Accession Number : ADA321267

Title :   Effects of Misinformation on the Concealed Knowledge Test.

Descriptive Note : Final rept. Mar 95-Aug 96,

Corporate Author : NORTH DAKOTA UNIV GRAND FORKS DEPT OF PSYCHOLOGY

Personal Author(s) : Amato-Henderson, Susan L.

PDF Url : ADA321267

Report Date : AUG 1996

Pagination or Media Count : 55

Abstract : Misinformation effects occur in laboratory settings despite disagreement over the mechanism(s) responsible for such effects. Both memory impairment and non-impairment hypotheses explain the phenomenon. The effects of misinformation were examined using the Concealed Knowledge Test (CKT), a psychophysiological detection of deception technique. Ninety-six subjects watched a videotaped crime used to induce guilt. One week later, subjects were given misinformation about three crime details, took a CKT inquiring about the three misled details and three non-misled crime details, and took a 20-item memory test concerning the crime. The six questions asked during the CKT were included in the memory test. Subjects who chose the misinformation on a misled detail were labeled as successfully misinformed. Significant differences were found between the misled and non-misled CKT series, with misinformation leading to a lower score (i.e., higher probability of being categorized as truthful). An interaction was found between CKT detail type and information manipulation with univariate procedures identifying skin resistance amplitude, skin resistance half-recovery time, and abdominal respiration as significant dependent measures. These findings support the memory impairment hypotheses.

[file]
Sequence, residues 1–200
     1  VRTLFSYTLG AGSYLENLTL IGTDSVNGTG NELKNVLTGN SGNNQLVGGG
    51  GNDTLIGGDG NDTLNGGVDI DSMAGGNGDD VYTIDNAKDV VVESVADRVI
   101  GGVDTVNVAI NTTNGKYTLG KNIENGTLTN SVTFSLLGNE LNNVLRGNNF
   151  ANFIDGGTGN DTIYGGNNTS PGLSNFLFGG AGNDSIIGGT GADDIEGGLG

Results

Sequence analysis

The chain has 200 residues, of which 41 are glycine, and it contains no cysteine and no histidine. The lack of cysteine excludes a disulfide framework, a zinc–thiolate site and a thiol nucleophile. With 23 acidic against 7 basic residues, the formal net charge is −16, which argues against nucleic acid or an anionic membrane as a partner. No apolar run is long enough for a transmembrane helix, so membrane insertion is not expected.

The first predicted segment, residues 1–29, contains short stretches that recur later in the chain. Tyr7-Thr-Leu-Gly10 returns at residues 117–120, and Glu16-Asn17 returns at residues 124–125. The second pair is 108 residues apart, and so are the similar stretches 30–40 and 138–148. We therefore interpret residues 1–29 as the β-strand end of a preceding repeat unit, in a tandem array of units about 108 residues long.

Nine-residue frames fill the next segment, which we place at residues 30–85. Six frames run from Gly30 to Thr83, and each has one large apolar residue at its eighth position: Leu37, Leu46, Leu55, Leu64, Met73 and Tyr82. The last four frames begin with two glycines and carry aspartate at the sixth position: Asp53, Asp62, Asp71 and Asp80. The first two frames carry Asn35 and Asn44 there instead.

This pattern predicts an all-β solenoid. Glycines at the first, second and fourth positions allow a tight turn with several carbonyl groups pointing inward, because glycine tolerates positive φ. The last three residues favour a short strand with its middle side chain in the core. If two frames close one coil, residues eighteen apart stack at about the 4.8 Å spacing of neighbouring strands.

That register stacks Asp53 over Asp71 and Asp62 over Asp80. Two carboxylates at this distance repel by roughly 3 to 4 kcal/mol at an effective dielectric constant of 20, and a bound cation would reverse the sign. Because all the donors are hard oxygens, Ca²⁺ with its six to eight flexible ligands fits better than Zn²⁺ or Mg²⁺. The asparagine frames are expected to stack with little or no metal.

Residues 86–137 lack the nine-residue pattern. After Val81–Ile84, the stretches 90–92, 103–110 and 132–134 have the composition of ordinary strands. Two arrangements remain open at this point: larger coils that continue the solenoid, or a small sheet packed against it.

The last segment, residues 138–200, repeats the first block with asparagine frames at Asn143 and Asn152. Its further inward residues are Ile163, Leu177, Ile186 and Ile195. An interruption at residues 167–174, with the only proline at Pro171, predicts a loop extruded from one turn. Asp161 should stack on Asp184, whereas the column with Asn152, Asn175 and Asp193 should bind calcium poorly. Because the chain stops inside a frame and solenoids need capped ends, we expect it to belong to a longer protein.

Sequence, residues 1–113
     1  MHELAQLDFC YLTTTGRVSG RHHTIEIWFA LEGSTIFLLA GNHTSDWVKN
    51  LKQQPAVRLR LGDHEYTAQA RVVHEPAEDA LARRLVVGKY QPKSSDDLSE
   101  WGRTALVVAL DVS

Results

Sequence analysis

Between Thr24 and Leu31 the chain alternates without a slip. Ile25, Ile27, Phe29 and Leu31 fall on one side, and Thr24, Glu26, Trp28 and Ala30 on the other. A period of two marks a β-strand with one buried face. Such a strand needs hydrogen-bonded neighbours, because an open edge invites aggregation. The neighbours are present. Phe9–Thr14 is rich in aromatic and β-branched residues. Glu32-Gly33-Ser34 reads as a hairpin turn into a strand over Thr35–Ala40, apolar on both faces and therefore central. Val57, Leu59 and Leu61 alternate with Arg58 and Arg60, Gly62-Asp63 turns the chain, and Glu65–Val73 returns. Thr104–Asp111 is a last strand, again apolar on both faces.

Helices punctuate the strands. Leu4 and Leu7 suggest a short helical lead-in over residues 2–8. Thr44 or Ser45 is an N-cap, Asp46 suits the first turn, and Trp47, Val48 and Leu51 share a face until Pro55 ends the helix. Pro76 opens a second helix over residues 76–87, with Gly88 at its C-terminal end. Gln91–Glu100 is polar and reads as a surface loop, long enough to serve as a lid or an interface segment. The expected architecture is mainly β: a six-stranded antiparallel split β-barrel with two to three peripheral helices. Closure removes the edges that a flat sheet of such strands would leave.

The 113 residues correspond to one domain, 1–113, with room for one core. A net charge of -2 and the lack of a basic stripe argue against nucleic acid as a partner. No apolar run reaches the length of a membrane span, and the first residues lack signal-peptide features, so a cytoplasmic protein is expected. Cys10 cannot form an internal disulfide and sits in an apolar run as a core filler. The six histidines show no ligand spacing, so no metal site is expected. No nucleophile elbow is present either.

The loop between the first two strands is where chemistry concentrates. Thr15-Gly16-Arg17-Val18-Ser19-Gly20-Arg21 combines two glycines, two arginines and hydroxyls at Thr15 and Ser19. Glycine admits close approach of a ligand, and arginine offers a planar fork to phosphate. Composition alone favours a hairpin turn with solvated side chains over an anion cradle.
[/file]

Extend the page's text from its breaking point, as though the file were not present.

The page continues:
Descriptors :   *MEMORY(PSYCHOLOGY), *PSYCHOPHYSIOLOGY, *CRIMINOLOGY, PERFORMANCE(HUMAN), STRESS(PSYCHOLOGY), STRESS(PHYSIOLOGY), RETENTION(PSYCHOLOGY), PERCEPTION(PSYCHOLOGY), REACTION(PSYCHOLOGY), CRIMES, CRIMINAL INVESTIGATIONS, TEST CONSTRUCTION(PSYCHOLOGY), LIE DETECTORS, GALVANIC SKIN RESPONSE.

Subject Categories : Psychology

Distribution Statement : APPROVED FOR PUBLIC RELEASE